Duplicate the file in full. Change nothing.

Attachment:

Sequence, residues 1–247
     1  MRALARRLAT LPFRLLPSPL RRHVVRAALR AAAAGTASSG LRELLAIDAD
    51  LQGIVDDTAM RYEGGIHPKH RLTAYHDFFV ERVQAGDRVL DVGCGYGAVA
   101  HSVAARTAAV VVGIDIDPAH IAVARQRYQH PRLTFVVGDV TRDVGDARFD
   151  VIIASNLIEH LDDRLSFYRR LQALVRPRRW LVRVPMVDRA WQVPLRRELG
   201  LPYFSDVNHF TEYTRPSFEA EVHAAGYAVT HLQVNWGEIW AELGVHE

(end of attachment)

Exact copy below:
Sequence, residues 1–247
     1  MRALARRLAT LPFRLLPSPL RRHVVRAALR AAAAGTASSG LRELLAIDAD
    51  LQGIVDDTAM RYEGGIHPKH RLTAYHDFFV ERVQAGDRVL DVGCGYGAVA
   101  HSVAARTAAV VVGIDIDPAH IAVARQRYQH PRLTFVVGDV TRDVGDARFD
   151  VIIASNLIEH LDDRLSFYRR LQALVRPRRW LVRVPMVDRA WQVPLRRELG
   201  LPYFSDVNHF TEYTRPSFEA EVHAAGYAVT HLQVNWGEIW AELGVHE